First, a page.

Partager l'article ! ROLAND PETIT & PINK FLOYD: ...
Dave Gilmour: "Pretty amazing! Something nobody in our field has ever done..." [Schaffner 158]
The original idea for the ballet was to do a version of Marcel Proust's Remembrance of Things Past — Pink Floyd went out and bought Proust's works to study.
Nick Mason: "But nobody read anything. David did worst, he only read the first 18 pages." [Miles]
Roger Waters: "I read the second volume of Swann's Way and when I got to the end of it I thought, 'Fuck this, I'm not reading anymore. I can't handle it.' It just went too slowly for me." [Miles]
Later Petit changed his idea to 'A Thousand and One Arabian Nights'...
Nick Mason: "Proust has been knocked on the head." [Miles]"Originally he was going to do a complete program: a piece by Zinakist, a piece by us, and a new production of Carmen. I think he has now decided to do just two pieces — Zinakist's and ours — which has meant doubling the length of the thing we are going to do."[Miles]
Nick Mason [February 1972]: "We haven't started work on it yet. We've had innumerable discussions, a number of lunches, a number of dinners, very high powered meetings; and I think we've got the sort of storyline for it. The idea is Roland Petit's and I think he is settled on the ideas he wants to use for the thing so I think we're going to get started. Ballet is a little like film actually. The more information you have to start with, the easier it becomes to write. The difficulty about doing albums is that you are so totally open. It's very difficult to get started." [Miles]
Later, in July 1973, Roger and Nick look back on the experience...
Roger Waters: "The ballet never happened. First of all it was Proust then it was Aladdin, then it was something else. We had this great lunch one day [4 December 1970]: me, Nick and Steve [O'Rourke]. We went to have lunch with [Rudolph] Nureyev, Roman Polanski, Roland Petit and some film producer or other. What a laugh! It was to talk about the projected idea of us doing the music, and Roland choreographing it, and Rudy being the star, and Roman Polanski directing the film and making this fantastic ballet film. It was all a complete joke because nobody had any idea of what they wanted to do."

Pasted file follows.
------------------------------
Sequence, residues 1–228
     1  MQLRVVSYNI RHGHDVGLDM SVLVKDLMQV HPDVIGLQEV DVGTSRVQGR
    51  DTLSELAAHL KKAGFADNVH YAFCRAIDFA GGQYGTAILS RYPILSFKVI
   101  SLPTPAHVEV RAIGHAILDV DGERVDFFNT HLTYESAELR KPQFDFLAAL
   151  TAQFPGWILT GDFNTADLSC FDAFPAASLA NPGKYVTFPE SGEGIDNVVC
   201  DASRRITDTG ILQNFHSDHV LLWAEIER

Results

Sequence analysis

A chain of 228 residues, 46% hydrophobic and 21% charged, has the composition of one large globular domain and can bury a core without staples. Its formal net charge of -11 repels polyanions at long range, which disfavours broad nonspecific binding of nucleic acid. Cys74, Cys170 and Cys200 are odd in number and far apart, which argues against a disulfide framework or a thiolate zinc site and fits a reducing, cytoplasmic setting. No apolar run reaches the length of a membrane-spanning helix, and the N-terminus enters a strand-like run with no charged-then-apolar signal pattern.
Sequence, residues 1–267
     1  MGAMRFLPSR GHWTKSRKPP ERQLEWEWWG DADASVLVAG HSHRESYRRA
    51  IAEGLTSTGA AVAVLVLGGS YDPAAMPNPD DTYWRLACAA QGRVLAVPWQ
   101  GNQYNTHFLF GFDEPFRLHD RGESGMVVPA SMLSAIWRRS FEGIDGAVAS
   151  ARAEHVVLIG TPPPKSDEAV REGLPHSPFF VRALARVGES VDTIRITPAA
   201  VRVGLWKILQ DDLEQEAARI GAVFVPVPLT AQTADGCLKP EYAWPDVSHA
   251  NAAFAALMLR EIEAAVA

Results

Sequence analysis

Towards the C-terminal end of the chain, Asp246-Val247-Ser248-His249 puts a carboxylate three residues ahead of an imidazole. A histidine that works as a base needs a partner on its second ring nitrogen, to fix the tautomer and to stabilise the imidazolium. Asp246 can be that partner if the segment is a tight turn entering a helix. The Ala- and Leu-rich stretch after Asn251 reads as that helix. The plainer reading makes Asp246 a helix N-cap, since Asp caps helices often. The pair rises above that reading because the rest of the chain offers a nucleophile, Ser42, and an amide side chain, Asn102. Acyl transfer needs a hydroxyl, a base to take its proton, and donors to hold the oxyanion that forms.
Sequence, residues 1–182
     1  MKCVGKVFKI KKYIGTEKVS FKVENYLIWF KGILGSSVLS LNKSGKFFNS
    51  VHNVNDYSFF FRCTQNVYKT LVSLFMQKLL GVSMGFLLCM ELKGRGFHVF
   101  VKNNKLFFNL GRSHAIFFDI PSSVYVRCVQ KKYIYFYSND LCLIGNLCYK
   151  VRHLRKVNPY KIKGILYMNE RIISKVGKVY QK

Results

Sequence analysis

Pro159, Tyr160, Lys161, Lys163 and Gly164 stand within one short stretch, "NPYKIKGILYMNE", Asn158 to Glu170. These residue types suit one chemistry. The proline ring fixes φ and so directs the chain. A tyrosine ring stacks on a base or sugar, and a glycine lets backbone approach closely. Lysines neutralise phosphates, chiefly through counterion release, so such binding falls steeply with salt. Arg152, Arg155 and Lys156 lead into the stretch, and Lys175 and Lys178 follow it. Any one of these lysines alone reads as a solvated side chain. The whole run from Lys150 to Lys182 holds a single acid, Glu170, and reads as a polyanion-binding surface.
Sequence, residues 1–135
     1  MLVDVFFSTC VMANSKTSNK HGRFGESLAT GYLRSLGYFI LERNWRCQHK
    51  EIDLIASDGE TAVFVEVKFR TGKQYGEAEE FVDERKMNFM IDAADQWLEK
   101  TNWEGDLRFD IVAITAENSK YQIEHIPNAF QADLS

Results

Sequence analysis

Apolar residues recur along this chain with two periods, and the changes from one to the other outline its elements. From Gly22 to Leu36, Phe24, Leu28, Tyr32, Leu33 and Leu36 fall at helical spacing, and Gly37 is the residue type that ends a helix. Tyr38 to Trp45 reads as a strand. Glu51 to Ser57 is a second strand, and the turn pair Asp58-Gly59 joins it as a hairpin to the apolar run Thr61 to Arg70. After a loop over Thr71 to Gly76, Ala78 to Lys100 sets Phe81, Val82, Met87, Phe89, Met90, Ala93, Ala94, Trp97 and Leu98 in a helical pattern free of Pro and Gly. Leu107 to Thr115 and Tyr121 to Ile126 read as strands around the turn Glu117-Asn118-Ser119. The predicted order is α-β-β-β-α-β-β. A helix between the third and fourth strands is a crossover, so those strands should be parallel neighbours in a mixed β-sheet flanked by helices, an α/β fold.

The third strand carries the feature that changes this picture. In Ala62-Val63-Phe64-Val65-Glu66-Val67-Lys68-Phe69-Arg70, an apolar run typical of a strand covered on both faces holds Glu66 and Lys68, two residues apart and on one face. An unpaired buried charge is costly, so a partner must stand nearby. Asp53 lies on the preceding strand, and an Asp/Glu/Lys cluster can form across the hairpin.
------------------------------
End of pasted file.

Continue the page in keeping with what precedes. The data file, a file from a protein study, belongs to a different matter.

Interviewer: "Didn't you smell a rat?
Roger: "I smelt a few poofs! Nobody had any idea — it was incredible."
Nick Mason: "It went on for two years, this idea of doing a ballet, with no one coming up with any ideas. Us not setting aside any time because there was nothing specific, until in a desperate moment Roland devised a ballet to some existing music which I think was a good idea. [Referring to the winter '72-'73 performances] It's looked upon a bit sourly now."
Roger Waters [still on about the 4 Dec lunch]: "We sat around this table until someone thumped the table and said, 'What's the idea then?' and everyone just sat there drinking this wine and getting more and more pissed, with more and more poovery going on 'round the table, until someone suggested Frankenstein and Nureyev started getting a bit worried, didn't he? They talked about Frankenstein for a bit — I was just sitting there enjoying the meat and the vibes, saying nothing, keeping well schtuck."
Nick: "Yes, with Roland's hand upon your knee!"
Roger: "And when Polanski was drunk enough he started to suggest that we make the blue movie to end all blue movies and then it all petered out into cognac and coffee and then we jumped into our cars and split. God knows what happened after we left, Nick." [Miles]
Dave Gilmour: "In fact we did that ballet for a whole week in France. Roland Petit choreographed to some of our older material . . . but it's too restricting for us. I mean, I can't play and count bars at the same time. We had to have someone sitting on stage with us with a piece of paper telling us what bar we were playing..." [Miles]
Aucun commentaire pour cet article